Determining flight movements and patterns of piping plovers
By Sarah Scheffer, CWFNJ Seasonal Field Technician
This year’s chapter of the Beach Nesting Bird Project brought with it many unique opportunities, particularly with the placement of color bands on nearly 30 of our piping plovers at two locations along the New Jersey coastline. Nesting adults and four chicks from Stone Harbor Point and Avalon were given bands, which we have been using to conduct resight surveys to understand how adults and juveniles move about before migrating. In the long term, these bands can be used to determine if birds return to the same breeding grounds or natal sites, and where they overwinter. The banding was carried out by two researchers from the State University of New York, Emily Heiser and Christy Weaver, as part of a project to determine flight movements and patterns of piping plovers in order to be able to minimize risks to these threatened shorebirds when assessing the placement of wind turbines. Luckily, some of the CWFNJ team, including myself, was able to provide assistance and help with the banding!
Being able to band the piping plovers was a truly special experience. Nesting adults were captured by manipulating the predator exclosures (wire cages) placed over their nests to create only one entrance and one exit into a netted tunnel. Once captured the plovers were then carefully measured and weighed to determine crucial information such as body mass, wing length, and beak size. Using a small specialized tool, brightly colored plastic bands were placed on the legs of each bird to give them their own unique combination. Banding schemes can vary depending on who performs the banding and can include small flags and metal or plastic bands placed on the legs. At our two New Jersey sites, birds were given four bands, two on the upper portion of each leg. Piping plovers at Stone Harbor Point sport a green band on the top of each leg, while those at Avalon wear blue bands.
These bands have made it much easier to identify individual birds and to observe their habits. Along with the band combinations, we decided to give the plovers nicknames as well! Although the nicknames are definitely something that adds a little bit of fun to identification, they are actually quite practical as well. The nicknames helped to streamline communication about what was happening at each nesting site. For example, it is much easier to say that Bruce (Springsteen) was observed incubating his nest, than to say the bird with green gray, green yellow (band combinations are read from top to bottom, from left to right) was seen incubating.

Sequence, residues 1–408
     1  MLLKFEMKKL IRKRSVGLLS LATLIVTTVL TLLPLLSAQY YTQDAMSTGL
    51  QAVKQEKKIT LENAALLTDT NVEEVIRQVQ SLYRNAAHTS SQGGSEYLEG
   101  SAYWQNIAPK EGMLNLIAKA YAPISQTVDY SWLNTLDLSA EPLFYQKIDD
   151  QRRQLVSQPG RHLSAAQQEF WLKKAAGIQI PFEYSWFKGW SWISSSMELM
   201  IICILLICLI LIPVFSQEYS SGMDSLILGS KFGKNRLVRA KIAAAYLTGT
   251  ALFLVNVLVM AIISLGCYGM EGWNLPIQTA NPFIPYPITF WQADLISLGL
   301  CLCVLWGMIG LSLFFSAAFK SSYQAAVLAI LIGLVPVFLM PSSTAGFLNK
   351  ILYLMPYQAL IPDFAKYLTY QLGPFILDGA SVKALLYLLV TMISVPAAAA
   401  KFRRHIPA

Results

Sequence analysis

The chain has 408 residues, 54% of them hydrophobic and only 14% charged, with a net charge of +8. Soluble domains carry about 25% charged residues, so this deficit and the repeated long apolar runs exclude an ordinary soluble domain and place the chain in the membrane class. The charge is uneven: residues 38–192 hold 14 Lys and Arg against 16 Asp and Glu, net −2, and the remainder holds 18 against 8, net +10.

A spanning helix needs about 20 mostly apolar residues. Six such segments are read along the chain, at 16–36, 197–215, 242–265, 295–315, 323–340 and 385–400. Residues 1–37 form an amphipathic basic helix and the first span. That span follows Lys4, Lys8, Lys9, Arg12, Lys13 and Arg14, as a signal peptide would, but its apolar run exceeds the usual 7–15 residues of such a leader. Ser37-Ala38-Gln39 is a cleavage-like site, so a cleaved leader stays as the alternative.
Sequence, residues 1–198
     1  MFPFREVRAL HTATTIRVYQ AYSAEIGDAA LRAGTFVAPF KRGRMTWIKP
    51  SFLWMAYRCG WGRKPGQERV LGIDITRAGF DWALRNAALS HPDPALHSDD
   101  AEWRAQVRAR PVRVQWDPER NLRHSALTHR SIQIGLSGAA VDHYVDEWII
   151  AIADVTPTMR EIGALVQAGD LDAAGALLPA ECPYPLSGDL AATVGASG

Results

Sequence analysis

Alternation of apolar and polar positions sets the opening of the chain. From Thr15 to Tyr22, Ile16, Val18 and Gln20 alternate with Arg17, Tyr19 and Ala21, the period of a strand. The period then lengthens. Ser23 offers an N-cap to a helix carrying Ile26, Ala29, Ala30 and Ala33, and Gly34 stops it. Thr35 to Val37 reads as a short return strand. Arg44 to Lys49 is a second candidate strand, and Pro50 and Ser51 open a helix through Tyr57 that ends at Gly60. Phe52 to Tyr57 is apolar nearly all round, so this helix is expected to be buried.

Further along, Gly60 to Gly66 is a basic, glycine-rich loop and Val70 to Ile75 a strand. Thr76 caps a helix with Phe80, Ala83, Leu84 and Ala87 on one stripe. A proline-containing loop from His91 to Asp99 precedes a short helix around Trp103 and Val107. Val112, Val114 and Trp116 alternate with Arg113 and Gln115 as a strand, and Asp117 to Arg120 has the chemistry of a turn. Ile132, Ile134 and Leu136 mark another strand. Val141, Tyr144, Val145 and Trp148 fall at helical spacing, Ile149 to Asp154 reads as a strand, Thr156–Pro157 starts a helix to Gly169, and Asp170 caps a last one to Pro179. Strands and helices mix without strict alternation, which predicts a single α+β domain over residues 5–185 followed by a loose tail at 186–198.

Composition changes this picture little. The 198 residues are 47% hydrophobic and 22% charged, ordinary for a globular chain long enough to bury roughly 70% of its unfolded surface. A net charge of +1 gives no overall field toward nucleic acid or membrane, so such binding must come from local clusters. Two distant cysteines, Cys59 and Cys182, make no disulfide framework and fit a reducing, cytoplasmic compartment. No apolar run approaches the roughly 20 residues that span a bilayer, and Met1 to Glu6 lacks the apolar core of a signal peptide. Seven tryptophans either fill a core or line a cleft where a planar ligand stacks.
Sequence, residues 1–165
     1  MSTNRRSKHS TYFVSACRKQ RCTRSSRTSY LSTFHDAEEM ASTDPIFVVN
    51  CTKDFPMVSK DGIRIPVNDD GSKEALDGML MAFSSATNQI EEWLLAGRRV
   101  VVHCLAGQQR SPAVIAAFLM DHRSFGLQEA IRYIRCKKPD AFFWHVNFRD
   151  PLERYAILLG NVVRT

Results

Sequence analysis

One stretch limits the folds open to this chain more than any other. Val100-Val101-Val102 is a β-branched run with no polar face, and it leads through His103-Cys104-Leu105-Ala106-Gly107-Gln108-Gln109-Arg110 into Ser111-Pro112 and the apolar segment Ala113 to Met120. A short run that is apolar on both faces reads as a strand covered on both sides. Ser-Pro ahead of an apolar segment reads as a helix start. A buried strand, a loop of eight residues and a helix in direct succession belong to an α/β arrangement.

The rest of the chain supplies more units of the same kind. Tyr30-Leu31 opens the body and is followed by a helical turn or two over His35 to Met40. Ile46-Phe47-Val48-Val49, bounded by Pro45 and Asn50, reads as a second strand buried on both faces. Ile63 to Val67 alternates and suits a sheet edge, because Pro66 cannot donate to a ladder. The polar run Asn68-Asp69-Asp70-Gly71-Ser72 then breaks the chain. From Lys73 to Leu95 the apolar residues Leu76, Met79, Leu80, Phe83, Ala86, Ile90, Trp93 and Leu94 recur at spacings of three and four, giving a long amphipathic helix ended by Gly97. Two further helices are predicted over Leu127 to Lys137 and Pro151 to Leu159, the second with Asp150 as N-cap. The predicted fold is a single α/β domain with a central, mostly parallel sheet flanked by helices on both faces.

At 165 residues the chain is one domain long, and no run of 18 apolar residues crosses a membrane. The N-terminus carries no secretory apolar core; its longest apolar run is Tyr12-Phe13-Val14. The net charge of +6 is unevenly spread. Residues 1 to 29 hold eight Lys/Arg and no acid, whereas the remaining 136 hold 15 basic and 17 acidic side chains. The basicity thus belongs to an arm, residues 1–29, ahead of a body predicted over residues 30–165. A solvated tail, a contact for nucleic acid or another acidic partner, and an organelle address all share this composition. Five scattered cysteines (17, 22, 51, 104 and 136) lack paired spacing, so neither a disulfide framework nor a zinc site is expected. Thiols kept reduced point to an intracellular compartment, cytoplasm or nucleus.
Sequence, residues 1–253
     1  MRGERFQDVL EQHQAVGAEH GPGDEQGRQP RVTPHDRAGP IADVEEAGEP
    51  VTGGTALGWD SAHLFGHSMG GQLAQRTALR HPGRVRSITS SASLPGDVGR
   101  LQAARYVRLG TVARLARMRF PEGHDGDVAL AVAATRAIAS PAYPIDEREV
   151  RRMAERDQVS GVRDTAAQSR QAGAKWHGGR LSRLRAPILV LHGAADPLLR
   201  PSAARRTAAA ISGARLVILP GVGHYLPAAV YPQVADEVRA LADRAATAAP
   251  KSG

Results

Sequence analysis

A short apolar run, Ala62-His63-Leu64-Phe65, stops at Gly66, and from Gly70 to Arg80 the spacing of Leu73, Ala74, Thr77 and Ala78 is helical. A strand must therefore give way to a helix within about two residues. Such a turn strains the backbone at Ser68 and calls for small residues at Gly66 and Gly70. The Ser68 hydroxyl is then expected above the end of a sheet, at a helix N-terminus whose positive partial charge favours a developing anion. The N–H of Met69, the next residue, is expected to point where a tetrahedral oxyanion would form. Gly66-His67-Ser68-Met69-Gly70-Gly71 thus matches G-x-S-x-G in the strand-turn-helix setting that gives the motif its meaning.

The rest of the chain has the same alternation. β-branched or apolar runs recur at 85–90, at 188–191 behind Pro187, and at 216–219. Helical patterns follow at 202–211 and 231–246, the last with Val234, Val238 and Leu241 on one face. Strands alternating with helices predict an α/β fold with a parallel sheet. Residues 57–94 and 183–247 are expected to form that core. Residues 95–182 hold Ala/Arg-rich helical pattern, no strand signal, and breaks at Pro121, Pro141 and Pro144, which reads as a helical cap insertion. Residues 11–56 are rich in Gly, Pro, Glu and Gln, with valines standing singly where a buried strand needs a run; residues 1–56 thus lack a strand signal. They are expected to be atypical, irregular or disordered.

During the summer piping plover breeding season, our duties included checking the breeding sites and the individual nests or broods every day. As the season progressed, resight surveys were also performed. A section of beach was regularly traversed and the number, location, and activities of the banded piping plovers were noted. These surveys give us crucial information about the site and the movements of the plovers, as well as when they depart to migrate. After her nest was lost in a flood tide, a banded female nicknamed Ivana was observed to have begun her migration and was spotted soon after in Virginia! As most staff check on the same sites every day, we became well acquainted with each bird and their particular idiosyncrasies. The increased ease of identification of these birds has helped turn up some surprising information. The banding project has resulted in a wealth of knowledge and the possibility to further understand the New Jersey population.